• The standard Born–Haber cycle focuses on the processes involved and the relationships between the individual steps rather than the magnitude of each energy change.

Variations in lattice enthalpy values

  • The ionic radii and charge on the ions have a direct impact on the magnitude of the lattice enthalpy for a compound.
  • An increase in the ionic charge will result in a greater attraction between oppositely charged ions, increasing the energy required to break apart the ionic lattice, that is, the lattice enthalpy.
  • For metal halides, the radius of the anion increases as you move down group 17 from fluorine to iodine. As the distance between the bonded ions increases, the strength of the electrostatic attraction decreases and this is reflected by a decrease in the lattice enthalpy.

Enthalpy changes in solution

  • Many reactions studied in chemistry take place in solution. It is useful therefore to consider the enthalpy of solution and the relationship between the enthalpy change of solution, the hydration enthalpy, and the lattice enthalpy.
  • The standard enthalpy change of solution, ∆Hsol, is the change in enthalpy when 1 mol of a substance is dissolved in a large excess of a pure solvent:
    NH4Cl(s) → NH4+(aq) + Cl (aq) ∆Hsol = +14.78 kJ mol-1
    LiBr(s) → Li+(aq) + Br (aq) ∆Hsol = -48.83 kJ mol-1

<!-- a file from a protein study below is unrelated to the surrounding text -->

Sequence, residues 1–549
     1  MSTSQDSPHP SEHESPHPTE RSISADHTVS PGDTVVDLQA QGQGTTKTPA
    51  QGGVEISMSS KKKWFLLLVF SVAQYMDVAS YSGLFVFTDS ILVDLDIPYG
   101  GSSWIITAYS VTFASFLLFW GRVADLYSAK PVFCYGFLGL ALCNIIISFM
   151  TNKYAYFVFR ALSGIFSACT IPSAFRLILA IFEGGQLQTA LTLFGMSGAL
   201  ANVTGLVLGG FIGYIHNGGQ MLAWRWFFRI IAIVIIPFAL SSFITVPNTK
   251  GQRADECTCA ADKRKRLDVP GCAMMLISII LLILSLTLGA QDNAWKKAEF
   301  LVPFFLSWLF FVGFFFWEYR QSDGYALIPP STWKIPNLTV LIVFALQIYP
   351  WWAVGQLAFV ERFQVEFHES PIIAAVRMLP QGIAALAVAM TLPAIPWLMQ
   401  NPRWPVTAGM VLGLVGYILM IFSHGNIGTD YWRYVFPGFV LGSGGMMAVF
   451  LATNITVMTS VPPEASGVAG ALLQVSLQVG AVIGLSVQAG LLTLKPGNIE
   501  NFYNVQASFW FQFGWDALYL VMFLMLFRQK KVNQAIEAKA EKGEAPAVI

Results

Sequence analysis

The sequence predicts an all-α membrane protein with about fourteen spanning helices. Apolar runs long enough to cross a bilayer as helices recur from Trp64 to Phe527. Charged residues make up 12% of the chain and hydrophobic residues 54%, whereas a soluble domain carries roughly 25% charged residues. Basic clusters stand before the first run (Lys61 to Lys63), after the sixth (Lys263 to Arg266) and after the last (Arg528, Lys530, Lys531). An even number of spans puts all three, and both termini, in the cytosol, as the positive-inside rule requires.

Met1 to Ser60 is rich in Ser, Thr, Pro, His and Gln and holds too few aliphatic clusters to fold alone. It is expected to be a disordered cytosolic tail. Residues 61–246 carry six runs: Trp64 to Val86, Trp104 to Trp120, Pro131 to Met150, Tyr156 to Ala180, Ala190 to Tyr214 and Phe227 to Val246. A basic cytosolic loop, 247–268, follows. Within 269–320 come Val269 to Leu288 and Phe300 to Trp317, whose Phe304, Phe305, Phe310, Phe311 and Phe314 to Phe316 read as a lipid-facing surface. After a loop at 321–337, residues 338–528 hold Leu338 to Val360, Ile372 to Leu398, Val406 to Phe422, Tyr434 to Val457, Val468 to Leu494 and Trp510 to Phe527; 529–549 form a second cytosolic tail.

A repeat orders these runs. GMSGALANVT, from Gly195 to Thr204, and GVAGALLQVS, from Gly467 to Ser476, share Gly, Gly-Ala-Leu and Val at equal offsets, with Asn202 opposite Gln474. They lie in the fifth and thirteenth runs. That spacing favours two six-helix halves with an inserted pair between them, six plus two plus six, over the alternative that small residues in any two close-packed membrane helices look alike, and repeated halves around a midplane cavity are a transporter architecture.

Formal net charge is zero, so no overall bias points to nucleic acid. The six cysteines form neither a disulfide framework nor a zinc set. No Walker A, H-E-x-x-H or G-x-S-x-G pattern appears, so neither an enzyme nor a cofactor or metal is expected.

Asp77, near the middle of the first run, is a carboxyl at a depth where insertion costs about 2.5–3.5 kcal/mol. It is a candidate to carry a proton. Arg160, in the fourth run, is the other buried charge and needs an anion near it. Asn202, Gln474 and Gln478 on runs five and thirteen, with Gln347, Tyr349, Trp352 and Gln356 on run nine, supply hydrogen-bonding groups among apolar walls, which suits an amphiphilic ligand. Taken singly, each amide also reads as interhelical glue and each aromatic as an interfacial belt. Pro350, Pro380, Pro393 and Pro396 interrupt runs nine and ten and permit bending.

The enthalpy change of hydration, ∆Hhyd, for an ion is
  • the enthalpy change when 1 mol of the gaseous ion is added to water to form a dilute solution. The term solvation is used in place of hydration for solvents other than water.
    M+(g) → M+(aq) ∆Hhyd= – kJ mol-1
    X (g) → X (aq) ∆Hhyd= – kJ mol-1

Solvation, dissolution, and hydration

  • Solvation is described as any stabilizing interaction of a solute and the solvent or a similar interaction of solvent with groups of an insoluble material.
  • Electrostatic forces and van der Waals forces are common in these interactions, as well as chemically specific effects like the formation of hydrogen bonds.
  • Water is a polar solvent. The difference in electronegativity between oxygen and hydrogen, combined with the geometry of the water molecule (bent) due to the repulsive forces between the lone pairs of electrons on the oxygen atom, result in this polar molecule having partial negative charges on the oxygen atom and partial positive charges on the hydrogen atoms.
  • Water molecules orientate themselves so that their partial charges surround cations and anions, forming a solvation shell, also known as a hydration shell when the solvent is water.
  • When solid sodium hydroxide is mixed with liquid water, a new homogeneous phase is formed known as the solution. This is the process of dissolution.
  • The enthalpy of hydration is a way of quantifying the amount of energy released during the process of solvation. The magnitude of the enthalpy of hydration is influenced by the charge and size of the ion.